The names and uses of opium weights and opium scales
The expression opium weights has only recently been coined but has been very quickly accepted.
Richard Temple who travelled through Burma at the end of the 19th century and even lived there for some time, refers to the weights in his notes, as the Burmese standard weights (in June 1898). Nor does Annandale use the term opium weights in his publication of 1917.
Rochesnard calls the weights poids d’Asie, Asian weights. It is not known who first called these handsome sculptures representing animals and fabulous creatures by this misleading and somewhat underserved name.
Certainly the mountain tribes of the Golden Triangle (Burma, Laos and Thailand) used the smallest ones for weighting opium, although they were actually made for everyday use, including all sorts of commerce. They were used on scales to weigh all sort of foods, raw materials and metals.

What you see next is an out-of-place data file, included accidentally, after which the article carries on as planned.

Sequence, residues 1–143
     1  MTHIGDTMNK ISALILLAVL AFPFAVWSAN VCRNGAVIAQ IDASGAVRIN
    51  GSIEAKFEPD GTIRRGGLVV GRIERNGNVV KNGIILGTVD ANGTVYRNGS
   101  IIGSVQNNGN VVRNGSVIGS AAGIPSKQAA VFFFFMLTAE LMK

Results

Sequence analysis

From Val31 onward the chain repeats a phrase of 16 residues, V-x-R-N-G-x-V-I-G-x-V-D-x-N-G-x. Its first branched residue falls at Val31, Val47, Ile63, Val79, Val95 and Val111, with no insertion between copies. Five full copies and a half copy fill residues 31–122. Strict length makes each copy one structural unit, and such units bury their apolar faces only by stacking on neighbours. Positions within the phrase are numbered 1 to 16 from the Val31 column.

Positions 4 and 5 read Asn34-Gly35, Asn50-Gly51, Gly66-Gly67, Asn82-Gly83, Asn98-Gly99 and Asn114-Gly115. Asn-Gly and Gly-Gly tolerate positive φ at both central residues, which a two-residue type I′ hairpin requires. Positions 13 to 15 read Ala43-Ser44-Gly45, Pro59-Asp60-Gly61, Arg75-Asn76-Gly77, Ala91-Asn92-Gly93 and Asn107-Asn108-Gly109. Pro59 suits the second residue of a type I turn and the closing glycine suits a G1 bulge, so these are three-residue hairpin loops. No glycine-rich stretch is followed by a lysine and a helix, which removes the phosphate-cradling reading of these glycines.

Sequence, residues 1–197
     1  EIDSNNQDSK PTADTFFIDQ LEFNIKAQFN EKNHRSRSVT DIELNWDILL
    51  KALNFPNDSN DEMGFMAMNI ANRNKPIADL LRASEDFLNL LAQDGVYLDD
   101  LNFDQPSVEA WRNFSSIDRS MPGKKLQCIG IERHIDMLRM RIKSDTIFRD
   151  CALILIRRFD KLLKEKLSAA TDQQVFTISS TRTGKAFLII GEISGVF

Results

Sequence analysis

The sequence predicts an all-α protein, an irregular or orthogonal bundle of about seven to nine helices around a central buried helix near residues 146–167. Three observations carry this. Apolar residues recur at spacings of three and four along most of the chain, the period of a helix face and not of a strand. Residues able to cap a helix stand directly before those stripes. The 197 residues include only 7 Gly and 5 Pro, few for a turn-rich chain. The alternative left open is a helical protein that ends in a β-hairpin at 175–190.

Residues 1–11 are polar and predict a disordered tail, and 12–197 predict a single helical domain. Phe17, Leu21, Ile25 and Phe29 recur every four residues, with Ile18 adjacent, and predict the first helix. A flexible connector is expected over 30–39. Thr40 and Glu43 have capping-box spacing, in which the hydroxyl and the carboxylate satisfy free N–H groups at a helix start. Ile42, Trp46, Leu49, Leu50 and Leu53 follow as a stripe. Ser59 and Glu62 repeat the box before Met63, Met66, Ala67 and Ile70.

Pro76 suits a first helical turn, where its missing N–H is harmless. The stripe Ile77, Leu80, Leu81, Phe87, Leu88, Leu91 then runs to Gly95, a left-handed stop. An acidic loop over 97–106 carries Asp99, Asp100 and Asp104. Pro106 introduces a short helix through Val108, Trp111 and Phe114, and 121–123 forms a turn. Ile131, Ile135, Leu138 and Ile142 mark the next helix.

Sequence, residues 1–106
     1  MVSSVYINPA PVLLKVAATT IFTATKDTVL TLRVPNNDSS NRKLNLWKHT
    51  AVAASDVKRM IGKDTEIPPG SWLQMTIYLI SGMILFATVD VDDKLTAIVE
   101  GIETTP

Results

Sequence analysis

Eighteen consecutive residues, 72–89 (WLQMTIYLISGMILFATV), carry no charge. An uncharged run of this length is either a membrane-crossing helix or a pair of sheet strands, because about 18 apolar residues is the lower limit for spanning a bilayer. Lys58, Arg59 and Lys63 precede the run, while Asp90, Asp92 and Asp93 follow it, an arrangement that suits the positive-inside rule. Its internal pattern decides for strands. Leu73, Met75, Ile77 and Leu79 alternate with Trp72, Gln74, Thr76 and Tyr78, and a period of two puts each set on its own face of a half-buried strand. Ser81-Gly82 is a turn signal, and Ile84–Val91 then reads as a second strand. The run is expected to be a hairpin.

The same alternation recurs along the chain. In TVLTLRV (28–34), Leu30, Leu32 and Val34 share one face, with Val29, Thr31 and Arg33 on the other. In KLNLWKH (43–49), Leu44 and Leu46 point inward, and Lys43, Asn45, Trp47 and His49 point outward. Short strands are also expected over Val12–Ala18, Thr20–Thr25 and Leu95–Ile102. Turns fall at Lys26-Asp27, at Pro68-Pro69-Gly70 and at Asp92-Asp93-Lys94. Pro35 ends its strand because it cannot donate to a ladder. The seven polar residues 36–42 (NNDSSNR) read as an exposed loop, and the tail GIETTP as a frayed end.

The smaller opium weights were carried in cloth bags drawn by a string with reinforced bottoms.
When not in use, the scales and weights were generally kept in skilfully carved wooden caskets, especially made for this purpose, see the pictures below:
As for handling the balances, Annandale points out: “In use scales of this type are not held in the hand, but suspended either from the horizontal twig of a bamboo stuck upright in the ground, or very commonly, from a paddle either fixed vertically in a slanting position, or tied across other paddles to form the framework of a temporary bazaar-stall of the mats. As most of the people come to the markets by boat, paddles are much used for purposes of this kind.”